The Torah has Five books: Genesis, Exodus, Leviticus, Numbers, and Deuteronomy. In order for Jews to read through the entire Torah one time each year, the text is broken up into 54 portions which are designed to be read at the weekly Shabbat service. (If there are only 52 weeks in the year, then why are there 54 portions? That’s a great question that we answer in this article.)
The Jewish calendar which follows the lunar cycle has 353-355 days in a regular year. So that gives us 50-51 Shabbats to read from the Torah. If a holiday falls on Shabbat, then there is a special Torah reading assigned. Therefore, that decreases the portions to about 48 or less in an ordinary year to read the 54 portions or parshiyot. In this case, we double up on the Torah readings. For instance, the readings that are paired together are:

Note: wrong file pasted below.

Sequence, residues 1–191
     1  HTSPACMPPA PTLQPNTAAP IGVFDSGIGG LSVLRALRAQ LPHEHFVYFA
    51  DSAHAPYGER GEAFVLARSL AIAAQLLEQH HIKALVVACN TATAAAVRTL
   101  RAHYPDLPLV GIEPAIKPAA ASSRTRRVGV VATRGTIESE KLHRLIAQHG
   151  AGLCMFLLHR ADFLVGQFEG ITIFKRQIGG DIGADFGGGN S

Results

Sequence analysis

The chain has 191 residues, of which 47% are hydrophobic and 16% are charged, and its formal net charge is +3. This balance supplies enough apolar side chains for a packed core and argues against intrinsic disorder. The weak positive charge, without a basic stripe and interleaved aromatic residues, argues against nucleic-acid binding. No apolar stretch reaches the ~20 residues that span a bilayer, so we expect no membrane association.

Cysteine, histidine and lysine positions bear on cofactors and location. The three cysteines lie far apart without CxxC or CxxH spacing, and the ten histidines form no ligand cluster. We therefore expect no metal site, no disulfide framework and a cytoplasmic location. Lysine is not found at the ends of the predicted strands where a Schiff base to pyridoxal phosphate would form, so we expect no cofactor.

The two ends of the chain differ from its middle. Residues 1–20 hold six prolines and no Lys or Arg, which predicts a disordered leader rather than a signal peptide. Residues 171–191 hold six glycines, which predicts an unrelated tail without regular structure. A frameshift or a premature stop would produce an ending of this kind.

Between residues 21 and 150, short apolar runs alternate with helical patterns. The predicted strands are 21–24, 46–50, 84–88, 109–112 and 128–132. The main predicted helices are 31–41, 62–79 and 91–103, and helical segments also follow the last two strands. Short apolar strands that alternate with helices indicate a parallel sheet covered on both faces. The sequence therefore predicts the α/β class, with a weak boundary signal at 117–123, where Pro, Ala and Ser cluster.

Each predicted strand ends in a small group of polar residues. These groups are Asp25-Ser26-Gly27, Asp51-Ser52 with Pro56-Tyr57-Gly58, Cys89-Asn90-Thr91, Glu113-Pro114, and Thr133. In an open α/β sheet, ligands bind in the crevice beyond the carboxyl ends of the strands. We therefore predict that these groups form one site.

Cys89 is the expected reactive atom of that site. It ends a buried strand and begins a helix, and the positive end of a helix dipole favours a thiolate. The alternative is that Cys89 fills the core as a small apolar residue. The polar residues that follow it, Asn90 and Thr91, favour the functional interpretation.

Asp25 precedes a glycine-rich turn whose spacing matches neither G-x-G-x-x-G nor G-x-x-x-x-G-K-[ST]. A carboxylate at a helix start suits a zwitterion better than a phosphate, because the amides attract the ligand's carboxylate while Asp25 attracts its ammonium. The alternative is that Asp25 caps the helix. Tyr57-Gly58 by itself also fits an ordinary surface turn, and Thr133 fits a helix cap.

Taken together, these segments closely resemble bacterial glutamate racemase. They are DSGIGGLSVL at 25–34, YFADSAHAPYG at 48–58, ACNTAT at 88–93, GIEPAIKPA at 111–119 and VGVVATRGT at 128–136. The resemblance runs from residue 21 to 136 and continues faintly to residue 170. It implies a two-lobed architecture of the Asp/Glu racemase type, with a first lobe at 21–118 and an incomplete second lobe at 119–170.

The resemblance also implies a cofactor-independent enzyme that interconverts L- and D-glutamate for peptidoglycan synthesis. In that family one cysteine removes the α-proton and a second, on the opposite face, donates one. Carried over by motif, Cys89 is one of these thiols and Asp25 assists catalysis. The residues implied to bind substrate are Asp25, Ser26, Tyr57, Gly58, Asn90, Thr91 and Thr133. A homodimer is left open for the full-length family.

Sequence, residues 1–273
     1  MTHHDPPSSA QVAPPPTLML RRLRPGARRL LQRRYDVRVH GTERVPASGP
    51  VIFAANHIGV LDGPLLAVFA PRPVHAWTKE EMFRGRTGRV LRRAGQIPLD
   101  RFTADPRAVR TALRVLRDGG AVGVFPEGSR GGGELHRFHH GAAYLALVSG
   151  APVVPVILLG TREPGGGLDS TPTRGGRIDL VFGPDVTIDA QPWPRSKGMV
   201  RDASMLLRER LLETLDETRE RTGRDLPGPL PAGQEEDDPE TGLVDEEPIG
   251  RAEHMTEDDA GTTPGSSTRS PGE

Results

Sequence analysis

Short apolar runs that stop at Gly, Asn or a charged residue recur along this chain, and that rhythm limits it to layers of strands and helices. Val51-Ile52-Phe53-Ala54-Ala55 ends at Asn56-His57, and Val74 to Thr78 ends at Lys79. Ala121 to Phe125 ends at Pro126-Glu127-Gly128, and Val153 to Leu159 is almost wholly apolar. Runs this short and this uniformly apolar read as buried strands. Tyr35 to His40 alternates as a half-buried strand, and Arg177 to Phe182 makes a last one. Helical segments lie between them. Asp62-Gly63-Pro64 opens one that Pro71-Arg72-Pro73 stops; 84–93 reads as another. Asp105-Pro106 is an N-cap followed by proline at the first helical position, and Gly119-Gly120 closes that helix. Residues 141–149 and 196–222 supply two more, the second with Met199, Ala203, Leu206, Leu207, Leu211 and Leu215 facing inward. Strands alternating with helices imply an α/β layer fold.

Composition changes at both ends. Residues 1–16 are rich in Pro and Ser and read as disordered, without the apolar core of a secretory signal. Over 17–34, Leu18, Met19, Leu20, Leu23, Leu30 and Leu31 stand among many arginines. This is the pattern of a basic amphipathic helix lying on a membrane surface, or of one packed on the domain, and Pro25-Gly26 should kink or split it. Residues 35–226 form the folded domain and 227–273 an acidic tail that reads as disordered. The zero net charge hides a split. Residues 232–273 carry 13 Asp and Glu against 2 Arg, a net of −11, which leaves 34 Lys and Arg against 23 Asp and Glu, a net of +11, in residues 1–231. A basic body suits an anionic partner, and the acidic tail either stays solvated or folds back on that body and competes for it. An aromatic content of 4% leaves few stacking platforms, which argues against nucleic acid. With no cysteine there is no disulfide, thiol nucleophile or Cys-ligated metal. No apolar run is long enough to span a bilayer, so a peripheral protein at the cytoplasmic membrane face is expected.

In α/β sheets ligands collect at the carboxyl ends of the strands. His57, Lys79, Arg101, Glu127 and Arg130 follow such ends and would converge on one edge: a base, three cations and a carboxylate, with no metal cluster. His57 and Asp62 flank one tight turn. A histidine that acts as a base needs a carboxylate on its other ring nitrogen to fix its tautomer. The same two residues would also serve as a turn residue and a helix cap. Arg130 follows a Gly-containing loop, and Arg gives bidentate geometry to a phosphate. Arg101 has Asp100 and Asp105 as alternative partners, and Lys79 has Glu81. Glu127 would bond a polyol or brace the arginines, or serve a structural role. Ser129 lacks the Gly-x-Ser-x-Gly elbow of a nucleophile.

- Acharei Mot-Kedoshim
In a Jewish leap year, there is an extra month of 30 days, so there is less doubling up on the Torah portions.
My twins Sara & Joshua’s B’nai Mitzvah date fell on a double portion - Tazria-Metzora. It was fortunate that Sara chanted from Tazria and Josh chanted from Metzora.
Your child’s Bar/Bat-Mitzvah date determines which Torah portion your child will read from at their service.